Kim Dotcom re-enacts the police raid and his arrest. Contributed by Nigel Marple

Why would the New Zealand government, at the urging of the United States government, conduct a raid on the home of an accused internet pirate with a force normally reserved for someone like, say, Osama bin Laden? Annie Goldson’s documentary “Kim Dotcom: Caught in the Web” compellingly suggests that the Motion Picture Association of America and its lobby have so much political pull that they can influence other countries’ governments to conduct illegal raids on citizens if said citizens might be disrupting their commercial enterprises.

Dotcom (born Kim Schmitz) is an infamous German hacker who made his name breaching security on the internet before anyone outside of his ilk even knew what that meant. Dotcom’s file sharing site could be used to pirate (or share, depending on your point of view) original entertainment content.

In Dotcom’s case, there is no definitive evidence that Hollywood saw an overall increase in revenue once was taken down; in fact, some reports suggest actually contributed to Hollywood’s bottom line despite some of its users choosing to engage in copyright infringement.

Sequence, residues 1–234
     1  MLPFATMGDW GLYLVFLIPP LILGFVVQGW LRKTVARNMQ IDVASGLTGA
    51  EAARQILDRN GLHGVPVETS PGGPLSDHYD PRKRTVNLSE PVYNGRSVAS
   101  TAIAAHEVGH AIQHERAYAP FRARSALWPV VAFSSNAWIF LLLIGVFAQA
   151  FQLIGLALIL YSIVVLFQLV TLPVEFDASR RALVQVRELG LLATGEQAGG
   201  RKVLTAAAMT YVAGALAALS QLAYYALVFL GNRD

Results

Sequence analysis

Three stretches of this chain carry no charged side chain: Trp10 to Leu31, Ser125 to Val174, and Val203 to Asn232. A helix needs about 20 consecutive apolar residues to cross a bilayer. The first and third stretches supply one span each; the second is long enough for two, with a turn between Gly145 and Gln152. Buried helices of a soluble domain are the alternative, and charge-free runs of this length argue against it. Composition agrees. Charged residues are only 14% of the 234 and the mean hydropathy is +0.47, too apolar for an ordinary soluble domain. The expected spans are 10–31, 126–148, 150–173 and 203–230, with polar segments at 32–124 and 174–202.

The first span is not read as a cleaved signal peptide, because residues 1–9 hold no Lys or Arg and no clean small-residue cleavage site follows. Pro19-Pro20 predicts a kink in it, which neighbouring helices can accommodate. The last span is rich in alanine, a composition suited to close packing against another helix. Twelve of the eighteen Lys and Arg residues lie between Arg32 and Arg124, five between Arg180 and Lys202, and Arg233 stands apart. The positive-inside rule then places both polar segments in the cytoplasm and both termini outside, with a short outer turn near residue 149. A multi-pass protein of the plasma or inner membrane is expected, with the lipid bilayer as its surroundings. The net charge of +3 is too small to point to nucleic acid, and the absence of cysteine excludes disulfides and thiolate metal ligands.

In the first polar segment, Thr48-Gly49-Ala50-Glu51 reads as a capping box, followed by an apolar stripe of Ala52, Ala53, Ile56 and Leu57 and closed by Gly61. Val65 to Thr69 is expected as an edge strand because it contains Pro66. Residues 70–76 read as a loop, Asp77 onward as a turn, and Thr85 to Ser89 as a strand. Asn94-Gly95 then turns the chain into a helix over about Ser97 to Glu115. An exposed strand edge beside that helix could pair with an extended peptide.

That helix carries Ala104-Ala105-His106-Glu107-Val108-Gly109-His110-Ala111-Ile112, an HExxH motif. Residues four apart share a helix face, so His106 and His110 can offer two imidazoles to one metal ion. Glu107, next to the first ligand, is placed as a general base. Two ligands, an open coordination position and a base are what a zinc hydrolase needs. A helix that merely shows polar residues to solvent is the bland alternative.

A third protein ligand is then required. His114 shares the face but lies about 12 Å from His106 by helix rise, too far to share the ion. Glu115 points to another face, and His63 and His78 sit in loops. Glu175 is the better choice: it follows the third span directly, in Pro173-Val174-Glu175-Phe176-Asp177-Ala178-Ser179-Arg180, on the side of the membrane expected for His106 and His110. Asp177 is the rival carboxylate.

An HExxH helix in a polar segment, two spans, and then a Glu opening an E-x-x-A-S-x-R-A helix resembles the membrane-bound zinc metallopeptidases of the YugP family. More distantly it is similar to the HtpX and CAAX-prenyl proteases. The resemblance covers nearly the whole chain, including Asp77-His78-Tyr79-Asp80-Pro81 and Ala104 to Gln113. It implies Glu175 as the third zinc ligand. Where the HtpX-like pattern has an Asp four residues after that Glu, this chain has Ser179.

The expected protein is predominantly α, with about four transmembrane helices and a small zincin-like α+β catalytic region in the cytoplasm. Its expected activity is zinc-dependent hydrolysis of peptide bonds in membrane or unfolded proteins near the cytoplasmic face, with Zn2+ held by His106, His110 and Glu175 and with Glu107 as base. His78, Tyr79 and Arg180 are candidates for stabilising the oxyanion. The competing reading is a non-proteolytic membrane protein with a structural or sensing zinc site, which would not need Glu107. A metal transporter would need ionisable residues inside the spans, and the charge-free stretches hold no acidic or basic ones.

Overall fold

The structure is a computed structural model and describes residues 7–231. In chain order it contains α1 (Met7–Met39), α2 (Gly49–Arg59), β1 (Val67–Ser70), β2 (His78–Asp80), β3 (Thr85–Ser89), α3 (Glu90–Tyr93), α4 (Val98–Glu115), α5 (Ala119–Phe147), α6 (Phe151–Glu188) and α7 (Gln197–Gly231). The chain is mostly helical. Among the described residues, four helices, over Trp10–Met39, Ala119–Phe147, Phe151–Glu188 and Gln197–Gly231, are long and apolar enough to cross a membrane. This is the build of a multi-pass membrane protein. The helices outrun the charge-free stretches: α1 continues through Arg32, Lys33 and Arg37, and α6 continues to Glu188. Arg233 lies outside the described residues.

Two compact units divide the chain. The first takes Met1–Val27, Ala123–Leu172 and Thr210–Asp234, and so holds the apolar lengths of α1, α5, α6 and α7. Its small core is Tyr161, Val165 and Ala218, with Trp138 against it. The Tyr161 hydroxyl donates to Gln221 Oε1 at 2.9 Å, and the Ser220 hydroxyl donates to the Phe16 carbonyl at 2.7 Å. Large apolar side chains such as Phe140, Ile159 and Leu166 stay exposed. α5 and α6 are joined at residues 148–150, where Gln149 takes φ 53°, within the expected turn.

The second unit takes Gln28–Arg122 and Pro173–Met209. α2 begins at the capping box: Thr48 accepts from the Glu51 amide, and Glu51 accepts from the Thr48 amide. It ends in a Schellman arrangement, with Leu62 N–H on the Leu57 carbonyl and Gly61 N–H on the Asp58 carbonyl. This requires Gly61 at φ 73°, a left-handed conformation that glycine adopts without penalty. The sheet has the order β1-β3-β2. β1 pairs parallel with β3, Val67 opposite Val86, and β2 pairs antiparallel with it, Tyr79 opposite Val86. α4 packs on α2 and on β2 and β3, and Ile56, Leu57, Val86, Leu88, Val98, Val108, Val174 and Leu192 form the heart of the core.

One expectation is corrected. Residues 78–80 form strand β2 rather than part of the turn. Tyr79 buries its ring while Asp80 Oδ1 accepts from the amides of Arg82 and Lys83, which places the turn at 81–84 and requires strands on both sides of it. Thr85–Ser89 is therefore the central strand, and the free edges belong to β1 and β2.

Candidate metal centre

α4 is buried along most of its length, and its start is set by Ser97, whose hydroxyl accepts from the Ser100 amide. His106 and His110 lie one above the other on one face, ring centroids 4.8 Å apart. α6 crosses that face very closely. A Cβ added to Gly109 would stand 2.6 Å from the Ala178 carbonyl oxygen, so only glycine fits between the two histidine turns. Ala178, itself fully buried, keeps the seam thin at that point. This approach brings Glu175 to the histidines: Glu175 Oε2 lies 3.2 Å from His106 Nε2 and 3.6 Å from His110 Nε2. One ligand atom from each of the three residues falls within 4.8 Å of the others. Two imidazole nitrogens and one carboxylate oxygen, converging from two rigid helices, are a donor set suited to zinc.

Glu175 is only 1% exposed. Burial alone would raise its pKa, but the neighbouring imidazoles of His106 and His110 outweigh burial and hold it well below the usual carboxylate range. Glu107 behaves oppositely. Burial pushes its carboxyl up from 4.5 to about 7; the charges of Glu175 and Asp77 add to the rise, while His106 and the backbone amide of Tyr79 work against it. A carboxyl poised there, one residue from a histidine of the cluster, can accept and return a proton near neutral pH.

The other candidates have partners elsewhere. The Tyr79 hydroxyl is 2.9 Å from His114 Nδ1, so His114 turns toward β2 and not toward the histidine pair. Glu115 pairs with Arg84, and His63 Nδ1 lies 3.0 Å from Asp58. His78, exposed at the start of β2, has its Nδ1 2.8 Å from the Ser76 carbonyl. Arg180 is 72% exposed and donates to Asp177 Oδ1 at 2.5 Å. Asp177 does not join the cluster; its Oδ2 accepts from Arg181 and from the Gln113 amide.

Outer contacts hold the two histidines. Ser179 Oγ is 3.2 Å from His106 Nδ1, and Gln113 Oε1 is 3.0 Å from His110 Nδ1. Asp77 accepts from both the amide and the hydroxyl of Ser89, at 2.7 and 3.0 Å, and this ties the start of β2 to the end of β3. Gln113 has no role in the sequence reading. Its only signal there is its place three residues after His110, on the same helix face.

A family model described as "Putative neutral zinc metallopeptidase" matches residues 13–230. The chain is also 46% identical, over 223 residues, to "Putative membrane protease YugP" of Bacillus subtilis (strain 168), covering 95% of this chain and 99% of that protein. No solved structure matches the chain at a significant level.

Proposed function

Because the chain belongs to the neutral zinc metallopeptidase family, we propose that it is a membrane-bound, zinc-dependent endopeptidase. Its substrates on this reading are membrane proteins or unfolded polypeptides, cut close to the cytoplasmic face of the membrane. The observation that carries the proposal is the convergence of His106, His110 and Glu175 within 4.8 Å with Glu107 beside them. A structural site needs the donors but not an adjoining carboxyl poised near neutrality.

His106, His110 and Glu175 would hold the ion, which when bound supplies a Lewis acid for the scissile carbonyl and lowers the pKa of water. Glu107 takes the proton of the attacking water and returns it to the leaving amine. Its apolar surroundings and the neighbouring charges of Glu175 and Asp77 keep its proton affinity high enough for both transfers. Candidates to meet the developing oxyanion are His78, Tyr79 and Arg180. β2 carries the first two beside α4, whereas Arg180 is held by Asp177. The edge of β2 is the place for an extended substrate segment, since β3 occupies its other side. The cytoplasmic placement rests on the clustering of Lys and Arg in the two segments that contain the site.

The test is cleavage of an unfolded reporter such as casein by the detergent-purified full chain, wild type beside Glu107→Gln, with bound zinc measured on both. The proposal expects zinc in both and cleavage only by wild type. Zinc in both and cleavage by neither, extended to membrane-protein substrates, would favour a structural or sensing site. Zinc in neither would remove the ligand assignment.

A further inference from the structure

Reporter Greg Sandoval sums up the situation best: “You get in between America and its money and we’re going to have big problems.”

The documentary is essentially a courtroom drama as Dotcom battles the forces of multinational interests influencing the American and New Zealand governments. The third act delves into the troubling fact that Dotcom, his family and associates were under intense personal — and illegal — surveillance leading up to the raid, something for which the New Zealand government later apologized. “Kim Dotcom” is a frightening portrait of blatant disregard for law by law enforcement and the extraordinary reach of the surveillance network of some of the most powerful countries in the world.

“Kim Dotcom: Caught in the Web” screens again at 11:30 a.m. March 16 at Alamo South.